Browser Test Results


Test results appear after a Synthetic test executes. Browser test results correspond to the test execution at a point in time in a specific location, browser, and device type.

Look at the latest failed test runs and compare them to a recent successful one in the Sample Results section. Scroll down to the Test Results section and click on a test result to examine a specific result thoroughly.

Browser test results include components such as screenshots, page performance data, errors, resources, and backend traces to help troubleshoot your test failure.

Test results

The following test result characteristics appear at the top of every browser test result:

The status of your test result (Alert or OK).
Starting URL
The URL of your browser test scenario.
Completed steps
The number of test steps completed in your result.
The time it took your test to run.
The managed or private location your test was executed from.
The type of device your test was executed from.
The type of browser your test was executed from.
Time ran
The time your test ran.
Run type
The type of your test run (CI, fast retry, manually triggered, or scheduled).


Browser tests contain screenshots for every executed test step. Screenshots help you visualize the journey your browser test went through.

Page performance

Every step in which a full URL loads contains page performance information.

User experience

Google’s Core Web Vitals are a set of three metrics designed to monitor a site’s user experience. These metrics focus on giving you a view of load performance, interactivity, and visual stability. Each metric comes with guidance on the range of values that translate to a good user experience.

Synthetic Monitoring includes two available lab metrics: Largest Contentful Paint and Cumulative Layout Shift.

Core Web Vitals summary visualization

First Input Delay is available if you are using Real User Monitoring to collect real user and field data. For more information, see Monitoring Page Performance.


The Errors panel shows the error, its type (js/network), and status (network status code).

The type of error is logged during interaction with the page. It corresponds to the errors collected between the time the page is opened and the time interaction with that page is realized.

The maximum number of errors that can be displayed is 8, for example 2 network + 6 js.


A resource corresponds to the combination of requests and assets.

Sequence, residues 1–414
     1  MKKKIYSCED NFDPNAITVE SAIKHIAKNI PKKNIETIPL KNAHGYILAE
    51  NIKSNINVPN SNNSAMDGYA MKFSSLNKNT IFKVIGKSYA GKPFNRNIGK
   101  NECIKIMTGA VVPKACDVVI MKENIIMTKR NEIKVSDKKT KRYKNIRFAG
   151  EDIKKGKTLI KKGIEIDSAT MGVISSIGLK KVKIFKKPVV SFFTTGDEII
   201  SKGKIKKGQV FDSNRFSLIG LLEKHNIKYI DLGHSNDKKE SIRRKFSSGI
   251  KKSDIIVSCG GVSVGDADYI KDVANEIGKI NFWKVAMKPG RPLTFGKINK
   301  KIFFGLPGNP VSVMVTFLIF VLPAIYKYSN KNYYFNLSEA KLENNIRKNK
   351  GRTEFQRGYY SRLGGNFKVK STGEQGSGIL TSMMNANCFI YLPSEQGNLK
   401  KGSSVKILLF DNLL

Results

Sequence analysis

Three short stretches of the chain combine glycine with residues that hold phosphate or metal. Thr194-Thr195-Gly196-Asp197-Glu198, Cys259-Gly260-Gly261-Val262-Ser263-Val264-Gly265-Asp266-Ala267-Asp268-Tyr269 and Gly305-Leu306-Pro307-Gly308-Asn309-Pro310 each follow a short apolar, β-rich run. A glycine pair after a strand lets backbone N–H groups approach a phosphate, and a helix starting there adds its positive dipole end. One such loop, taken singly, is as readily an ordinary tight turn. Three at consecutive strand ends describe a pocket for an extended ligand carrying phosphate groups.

Resources Panel

Above the resources tab you can find the following:

  • The total step duration time
  • The CDN providers serving the resources with a summary of the cache status for each of them

The Resources tab shows:

The URL of the resource.
The CDN provider that served the resource. Hovering it showcases the raw cache status.
Datadog detects Akamai, Cloudflare, Fastly, Amazon Cloudfront, Netlify, Google Cloud CDN, Imperva, and Sucuri.
The type of resource (HTML, CSS, Image, Javascript, XHR, or Other).
The HTTP response status code.
The time needed to perform the request.
% Total Time
The resource duration over the total interaction time.
The size of the request response.

The maximum number of resources that can be displayed is 100. Resources are ordered by the time when they start and then are displayed in Datadog by the first 100.

Resources can be filtered by resource type. Also, a search can be performed over the displayed URLs.

Backend Traces

The traces panel shows your traces associated with the browser synthetic test. The UI is similar to the APM Trace View except for the following difference.

One browser step can make multiple requests to different URLs/endpoints, which results in several associated traces (depending on your tracing setup and on the URLs you allowed in your Settings). Use the dropdown to choose the trace to view.

Step duration

The step duration represents the amount of time the step takes to execute with our locator algorithm. Not only does the step duration include the action (such as user interactions), but also it incorporates the wait and retry mechanism, which allows browser tests to ensure an element is able to be interacted with.

Failed test result

A test result is considered FAILED if it does not satisfy its assertions or if a step failed for another reason. You can troubleshoot failed runs by looking at their screenshots, checking for potential errors at the step level, and looking into backend traces generated by their steps.

Common browser test errors include:

Element located but it's invisible
The element is on the page but cannot be clicked on—for instance, if another element is overlaid on top of it.
Cannot locate element
The element cannot be found in the HTML.
Select did not have option
The specified option is missing from the dropdown menu.
Forbidden URL
The test likely encountered a protocol that is not supported. Reach out to Support for more details.
General test failure
A general error message. Contact Support for more details.

Further Reading